Greenland faces trouble as it melts at an off-the-charts rate


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Scientists have watched Greenland’s colossal ice sheet shrink at an accelerated rate for the last 20 years.

Now, researchers have solid proof that the current melting of Earth’s second-largest ice sheet — which is about 2.5 times the size of Texas — is quite abnormal compared to previous centuries. Researchers published their report Wednesday in the journal Nature

“We see now that it’s melting faster than at any point in at least the last three and a half centuries, and likely the last seven or eight millennia,” Luke Trusel, a geologist at Rowan University and an author of the study, said in an interview.

In an unstable political environment where top U.S. government officials sow doubt about or flat-out deny globally-accepted climate science, Greenland’s historically unprecedented melting provides more clear evidence about how the planet is experiencing significant climate change.

Scientists removing an ice core drill amid inclement weather.

Image: Sarah Das / Woods Hole Oceanographic Institution

“It’s one more nail in the coffin of climate denial,” NASA oceanographer and Greenland expert Josh Willis, who had no role in the research, said in an interview. “I don’t know how many more nails we need.”

To gauge Greenland’s melting, Rowan and his team journeyed to the great ice-clad island in 2015. They spent five weeks on the frigid central plains drilling into the ground to collect long, cylindrical tubes of ancient ice — which store a history of ice melting and freezing. Thicker, darker layers show periods that experienced more melting. 

They found that the gradual melting started in the late 1800s, after large-scale coal burning began. Lately, the melting water — which drains into the ocean — has ramped up as Earth’s temperatures have risen at an accelerated rate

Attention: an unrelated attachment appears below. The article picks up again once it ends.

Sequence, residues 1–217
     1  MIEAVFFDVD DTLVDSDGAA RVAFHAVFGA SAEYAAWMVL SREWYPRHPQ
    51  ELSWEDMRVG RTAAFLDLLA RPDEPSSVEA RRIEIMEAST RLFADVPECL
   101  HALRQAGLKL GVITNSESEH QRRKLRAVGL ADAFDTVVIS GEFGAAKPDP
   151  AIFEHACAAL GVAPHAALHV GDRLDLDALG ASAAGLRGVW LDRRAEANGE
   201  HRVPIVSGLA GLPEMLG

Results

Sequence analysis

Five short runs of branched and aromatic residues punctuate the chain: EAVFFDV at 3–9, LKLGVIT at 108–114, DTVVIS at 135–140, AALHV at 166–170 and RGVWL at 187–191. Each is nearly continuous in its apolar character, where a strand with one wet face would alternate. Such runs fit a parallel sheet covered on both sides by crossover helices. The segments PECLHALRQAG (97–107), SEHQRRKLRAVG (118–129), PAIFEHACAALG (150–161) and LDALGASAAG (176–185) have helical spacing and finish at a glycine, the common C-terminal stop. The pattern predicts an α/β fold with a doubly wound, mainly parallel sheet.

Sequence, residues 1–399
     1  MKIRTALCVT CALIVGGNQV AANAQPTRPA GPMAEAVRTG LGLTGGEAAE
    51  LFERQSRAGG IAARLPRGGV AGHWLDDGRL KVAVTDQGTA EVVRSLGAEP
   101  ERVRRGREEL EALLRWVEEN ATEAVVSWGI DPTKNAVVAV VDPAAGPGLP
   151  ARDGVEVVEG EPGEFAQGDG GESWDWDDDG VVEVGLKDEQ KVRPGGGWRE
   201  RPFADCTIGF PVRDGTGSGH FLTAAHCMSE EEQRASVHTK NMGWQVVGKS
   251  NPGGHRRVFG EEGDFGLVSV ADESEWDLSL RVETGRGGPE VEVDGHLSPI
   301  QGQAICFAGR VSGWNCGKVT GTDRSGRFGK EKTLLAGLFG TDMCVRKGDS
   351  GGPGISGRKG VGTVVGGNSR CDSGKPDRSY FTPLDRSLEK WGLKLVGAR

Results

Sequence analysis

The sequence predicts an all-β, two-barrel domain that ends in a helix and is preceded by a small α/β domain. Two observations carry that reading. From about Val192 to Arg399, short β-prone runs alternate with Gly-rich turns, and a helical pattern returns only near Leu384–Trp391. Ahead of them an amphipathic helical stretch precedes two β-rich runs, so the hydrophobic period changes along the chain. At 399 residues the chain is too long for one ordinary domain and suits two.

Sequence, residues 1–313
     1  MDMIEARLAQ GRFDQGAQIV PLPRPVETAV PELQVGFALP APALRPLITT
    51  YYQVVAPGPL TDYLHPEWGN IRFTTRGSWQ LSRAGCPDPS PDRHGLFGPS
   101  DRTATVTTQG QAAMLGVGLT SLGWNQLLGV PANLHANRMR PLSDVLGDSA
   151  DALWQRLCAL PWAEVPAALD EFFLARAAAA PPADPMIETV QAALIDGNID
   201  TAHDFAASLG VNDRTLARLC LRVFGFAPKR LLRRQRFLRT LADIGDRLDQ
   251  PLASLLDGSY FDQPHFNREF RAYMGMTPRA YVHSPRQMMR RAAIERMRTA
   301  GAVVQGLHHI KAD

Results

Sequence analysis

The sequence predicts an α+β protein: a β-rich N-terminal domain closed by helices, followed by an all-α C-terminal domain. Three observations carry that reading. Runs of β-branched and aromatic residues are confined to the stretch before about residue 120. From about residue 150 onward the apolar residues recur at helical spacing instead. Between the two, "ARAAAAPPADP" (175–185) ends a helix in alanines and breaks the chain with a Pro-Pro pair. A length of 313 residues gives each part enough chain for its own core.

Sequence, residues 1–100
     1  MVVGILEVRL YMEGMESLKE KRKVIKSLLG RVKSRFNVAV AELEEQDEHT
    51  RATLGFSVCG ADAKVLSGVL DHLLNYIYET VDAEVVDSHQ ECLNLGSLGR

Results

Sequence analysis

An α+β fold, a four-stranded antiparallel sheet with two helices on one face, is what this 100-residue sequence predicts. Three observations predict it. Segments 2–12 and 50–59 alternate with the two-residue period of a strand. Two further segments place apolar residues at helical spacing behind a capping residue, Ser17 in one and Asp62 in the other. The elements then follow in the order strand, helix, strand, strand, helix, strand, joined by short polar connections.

“We can show that the recent increase in melt and runoff from Greenland over the past two decades, in response to warming temperatures, is exceptional and unprecedented (‘off the charts’),” Sarah Das, a study coauthor and geologist at the Woods Hole Oceanographic Institution, said over email.   

“It nails down the timing of when the melting starts to happen really quickly,” noted Willis. “It’s really in the last 20 or 30 years when it took off.” 

But, critically, the melting is now happening faster than even the warming.

An ice canyon with ice melt flowing through.

An ice canyon with ice melt flowing through.

Image: Sarah Das / Woods Hole Oceanographic Institution

“We find that for every degree of warming, melting increases more and more — it outpaces the warming,” said Trusel.

This doesn’t bode well for the 3 billion humans living in coastal areas. Greenland holds bounties of ice — enough to raise global sea levels by 23 feet. No one is arguing that this is going to happen, yet. However, the reality is if warming trends continue, there will be bounties of ice available to melt into the sea. 

At its current pace, NASA predicts sea levels will rise by over two feet by the end the century, an estimate they call “conservative.” It could be considerably more, depending on what Greenland and Antarctica — an even greater ice sheet — end up doing. 

Greenland’s melting is consistent with what’s happening in the greater Arctic, a sprawling region warming over twice as fast as the rest of the planet. Here, once the bright, white sea ice melts, rather than reflecting sunlight, the darker waters absorb more sunlight, which then feeds more warming. 

Dark meltwater on Greenland's surface.

Dark meltwater on Greenland’s surface.

Image: Sarah Das / Woods Hole Oceanographic Institution

The same thing is happening in the middle of Greenland’s ice. When the ice on the surface melts, it pools in darker water, which absorbs more sunlight and causes more melting, said Trusel. It’s a vicious cycle.

“Once it starts, it can keep going,” he said. 

NASA’s Willis points out that the island is shedding bounties of ice near the shore, too. Here, the warming oceans are melting the edges of glaciers, which leave new land exposed.  

“This study is not even the whole reason to be worried,” said Willis. “The melt at the edges only makes the problem worse than what’s depicted. 

“The bigger picture is even bleaker.” 

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